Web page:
Tuesday, September 15, 2015

Virgin Galactic Announces Improvements to its LauncherOne Rocket

A rendering of the LauncherOne in space. Credit: Virgin Galactic

Virgin Galactic has announced that it is improving its LauncherOne rocket so that it can carry bigger payloads to space and help the company compete for another line of work: launching small satellites. The company claims it has nearly doubled the amount of payload that customers can deliver to orbit on its LauncherOne system – ranging from 200 kg into the standard Sun-Synchronous Orbit, or 400 kg to low Earth orbit (LEO) – for less than $10 million. Virgin Galactic also revealed that it is now in the process of acquiring its own dedicated carrier aircraft for the system.


“After many customers came to us asking for a more capable vehicle, we decided to give them exactly what they wanted,” Virgin Galactic said in a press release.

“When we initially announced LauncherOne, we pledged that customers would be able to launch about 120 kg to a standard Sun-Synchronous Orbit for less than US $10 million. Now, we are proud to offer customers the ability to launch 200 kg to the same orbit for that same amount. If customers desire additional capacity or services, they can also choose to purchase those,” the company added.

The LauncherOne rocket can be launched from a wide range of possible locations, tailored to individual mission requirements and weather conditions.

Once released from the carrier aircraft, the LauncherOne rocket fires up its single main stage engine, a 73,500 lbf, LOX/RP-1 rocket engine called the “NewtonThree.” Typically, this engine will fire for approximately three minutes. After stage separation, the single upper stage engine, a 5,000 lbf LOX/RP-1 rocket engine called the “NewtonFour” will carry the satellite(s) into orbit. Typically, the second stage will execute multiple burns totaling nearly six minutes. Both the NewtonThree and the NewtonFour are highly reliable liquid rocket engines designed, tested, and built by Virgin Galactic.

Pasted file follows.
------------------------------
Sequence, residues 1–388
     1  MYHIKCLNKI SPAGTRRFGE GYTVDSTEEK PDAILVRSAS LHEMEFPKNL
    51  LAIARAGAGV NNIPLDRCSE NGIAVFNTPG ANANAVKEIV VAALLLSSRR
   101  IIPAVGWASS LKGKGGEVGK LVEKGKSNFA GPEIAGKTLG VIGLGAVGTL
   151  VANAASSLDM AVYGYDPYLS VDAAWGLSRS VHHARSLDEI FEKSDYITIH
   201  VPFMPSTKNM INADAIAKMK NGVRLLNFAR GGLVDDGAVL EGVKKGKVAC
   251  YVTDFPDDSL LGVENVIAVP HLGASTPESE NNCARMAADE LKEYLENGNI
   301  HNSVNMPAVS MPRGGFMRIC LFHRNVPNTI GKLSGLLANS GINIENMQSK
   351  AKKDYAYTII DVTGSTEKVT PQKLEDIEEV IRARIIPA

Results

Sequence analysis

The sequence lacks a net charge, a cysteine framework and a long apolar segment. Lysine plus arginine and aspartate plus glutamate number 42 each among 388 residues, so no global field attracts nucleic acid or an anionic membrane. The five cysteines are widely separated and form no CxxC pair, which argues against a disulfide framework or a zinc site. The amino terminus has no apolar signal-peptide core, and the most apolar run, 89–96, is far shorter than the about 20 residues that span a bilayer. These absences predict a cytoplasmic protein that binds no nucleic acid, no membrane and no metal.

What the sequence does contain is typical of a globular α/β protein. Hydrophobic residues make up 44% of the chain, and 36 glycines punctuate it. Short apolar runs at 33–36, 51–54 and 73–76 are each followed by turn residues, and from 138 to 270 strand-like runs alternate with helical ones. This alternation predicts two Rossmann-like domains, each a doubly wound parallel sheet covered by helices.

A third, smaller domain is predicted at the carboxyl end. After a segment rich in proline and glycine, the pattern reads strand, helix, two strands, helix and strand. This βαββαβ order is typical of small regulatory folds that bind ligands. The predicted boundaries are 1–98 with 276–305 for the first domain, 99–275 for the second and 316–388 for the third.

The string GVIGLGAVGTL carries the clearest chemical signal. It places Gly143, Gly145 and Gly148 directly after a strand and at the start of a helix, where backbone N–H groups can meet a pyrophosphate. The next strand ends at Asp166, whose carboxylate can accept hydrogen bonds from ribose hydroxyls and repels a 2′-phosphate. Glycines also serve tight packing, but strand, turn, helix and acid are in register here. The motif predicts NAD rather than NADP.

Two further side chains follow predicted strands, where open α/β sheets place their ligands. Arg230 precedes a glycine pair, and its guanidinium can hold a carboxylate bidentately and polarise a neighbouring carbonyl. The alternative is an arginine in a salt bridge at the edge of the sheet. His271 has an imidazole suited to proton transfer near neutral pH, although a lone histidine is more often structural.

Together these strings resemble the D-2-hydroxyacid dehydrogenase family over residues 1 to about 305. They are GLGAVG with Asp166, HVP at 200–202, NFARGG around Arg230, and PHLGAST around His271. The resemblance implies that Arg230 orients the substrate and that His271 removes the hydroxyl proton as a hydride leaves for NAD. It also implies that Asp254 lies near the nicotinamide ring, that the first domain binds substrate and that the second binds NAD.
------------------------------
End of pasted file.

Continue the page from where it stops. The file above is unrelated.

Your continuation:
At the end of this sequence, LauncherOne will deploy our customers’ satellite (or satellites) into their desired orbit. Both stages of LauncherOne will be safely deorbited, while the carrier aircraft will return to a predetermined airport, where it can be quickly prepared for its next flight.

At the time of the announcement the company revealed contracts had already signed for payloads to be delivered by the system – along with what the company claimed were several dozen other interested parties.

While known mostly for its ambitions to fly tourists into space, Virgin Galactic’s move to increase its rocket payload shows how it is also attacking the lucrative satellite launch business. SpaceX, Elon Musk’s space company, also announced Monday that it was awarded two commercial launch contracts recently, bringing its total launch manifest to 60 launches.

Test flights of LauncherOne are scheduled to begin in 2017.

Credit: virgingalactic.com

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